With the recent change to the licensing rules for SQLcl, a simple “yum” command on your Linux box gets you up and running with SQLcl in just a few keystrokes, and for most of my VM’s that is the way I roll.
However, for some environments I work with, I don’t have necessary privileges to install packages and thus I revert to “old school” download of the latest zipfile. It’s still easy to do – just unzip and done, but I also like to ensure that I’ve always got the latest and greatest version available to me.
For those environments, I whipped up a small shell script which I just throw into a nightly cron. If there is no SQLcl at all on my machine, it will grab the latest and install it for me.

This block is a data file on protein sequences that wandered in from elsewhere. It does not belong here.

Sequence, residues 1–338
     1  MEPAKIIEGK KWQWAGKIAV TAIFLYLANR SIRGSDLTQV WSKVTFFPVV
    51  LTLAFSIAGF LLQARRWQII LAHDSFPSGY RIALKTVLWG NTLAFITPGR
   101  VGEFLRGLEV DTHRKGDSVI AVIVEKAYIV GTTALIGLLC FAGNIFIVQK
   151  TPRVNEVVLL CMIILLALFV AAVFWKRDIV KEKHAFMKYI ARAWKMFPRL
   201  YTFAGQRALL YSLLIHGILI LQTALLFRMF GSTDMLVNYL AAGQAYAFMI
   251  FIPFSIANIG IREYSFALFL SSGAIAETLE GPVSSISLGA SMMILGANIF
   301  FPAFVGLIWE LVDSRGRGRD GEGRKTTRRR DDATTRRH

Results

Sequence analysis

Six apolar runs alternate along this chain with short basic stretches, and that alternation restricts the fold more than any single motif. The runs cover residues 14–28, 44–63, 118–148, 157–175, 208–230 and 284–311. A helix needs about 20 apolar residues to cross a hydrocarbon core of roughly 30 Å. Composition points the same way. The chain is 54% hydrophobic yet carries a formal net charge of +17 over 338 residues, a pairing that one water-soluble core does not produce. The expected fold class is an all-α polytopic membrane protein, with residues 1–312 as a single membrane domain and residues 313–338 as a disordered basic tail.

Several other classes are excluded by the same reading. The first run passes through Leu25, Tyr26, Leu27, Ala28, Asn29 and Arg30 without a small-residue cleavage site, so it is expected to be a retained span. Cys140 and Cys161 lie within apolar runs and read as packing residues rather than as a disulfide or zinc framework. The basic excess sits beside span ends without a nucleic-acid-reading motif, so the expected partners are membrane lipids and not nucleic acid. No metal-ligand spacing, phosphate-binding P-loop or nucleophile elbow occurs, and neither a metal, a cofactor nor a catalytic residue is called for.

If the latest version is already installed, then there is nothing to do:
but if the version on my machine is found to be out of the date, the script will grab the latest and install it, and keep a backup copy of the old version in an appropriately named folder.
If this is something that is useful for you, you can grab it from my git repo.
The other benefit I find from automating this is that it often helps win the battle with bureaucrats who can insist that updating any piece of software requires an 18month testing and approval cycle! All software is not the same and upgrading SQLcl should not be treated as being synonymous with (say) upgrading the OS.